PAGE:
Everything is possible, because something like this has never happened in this way, in these dimensions and much less in a context similar to this. With a country plunged into the deepest economic crisis ever experienced by many of the young people who met yesterday before the Ministry of Culture; with the historic generation – which has had the island in its fist for more than 60 years – dying without glory nor legacy; and with a society tired of the shortages and dreaming of suitcases, flights and emigration… no one can predict if yesterday’s agreements are “a lot” or “a little.”

What will happen going forward? Some who have experienced previous disappointments predict that the Ministry of Culture will not comply with the agreement, the official propaganda will intensify its attacks against the San Isidro Movement and will raise a wave of supposed demonstrations in favor of the regime throughout the island. Those who previously experienced the seesaw of illusion and frustration with events of this type, predict calls from State Security to each of the most visible heads of the protest.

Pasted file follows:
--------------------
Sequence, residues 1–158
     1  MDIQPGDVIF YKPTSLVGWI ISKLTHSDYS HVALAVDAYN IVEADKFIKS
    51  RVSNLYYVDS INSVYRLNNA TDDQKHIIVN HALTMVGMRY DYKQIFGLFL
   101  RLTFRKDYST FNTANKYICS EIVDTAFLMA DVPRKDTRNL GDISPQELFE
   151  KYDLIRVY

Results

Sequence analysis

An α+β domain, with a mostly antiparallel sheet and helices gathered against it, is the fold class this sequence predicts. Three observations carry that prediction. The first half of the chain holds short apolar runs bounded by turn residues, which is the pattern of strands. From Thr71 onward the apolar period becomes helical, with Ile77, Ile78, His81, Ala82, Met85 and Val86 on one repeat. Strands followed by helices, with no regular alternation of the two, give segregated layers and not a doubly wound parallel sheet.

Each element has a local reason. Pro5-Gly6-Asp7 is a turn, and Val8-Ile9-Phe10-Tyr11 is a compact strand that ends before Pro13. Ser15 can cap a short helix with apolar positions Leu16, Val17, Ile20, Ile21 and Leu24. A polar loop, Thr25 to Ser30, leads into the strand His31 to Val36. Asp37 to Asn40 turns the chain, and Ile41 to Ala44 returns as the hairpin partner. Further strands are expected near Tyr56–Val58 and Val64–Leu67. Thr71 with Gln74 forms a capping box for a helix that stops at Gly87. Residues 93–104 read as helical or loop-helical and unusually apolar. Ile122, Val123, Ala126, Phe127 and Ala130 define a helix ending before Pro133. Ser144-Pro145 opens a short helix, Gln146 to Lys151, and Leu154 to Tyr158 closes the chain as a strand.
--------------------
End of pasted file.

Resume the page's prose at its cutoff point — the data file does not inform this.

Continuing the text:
Separately, in an interrogation office in Villa Marista – the grim prison in Havana where State Security confines its political prisoners – with a mixture of threats and promises, they will most likely be able to make someone retract or at least walk away from any similar action that occurs in the future. The media controlled by the Communist Party will publish statements by artists faithful to the Party who tell of the “enormous support and freedom” that the Ministry of Culture offers them for their creation and some part of those who expressed the demands will go to another country to do a doctorate, create a family and forget the island they left behind.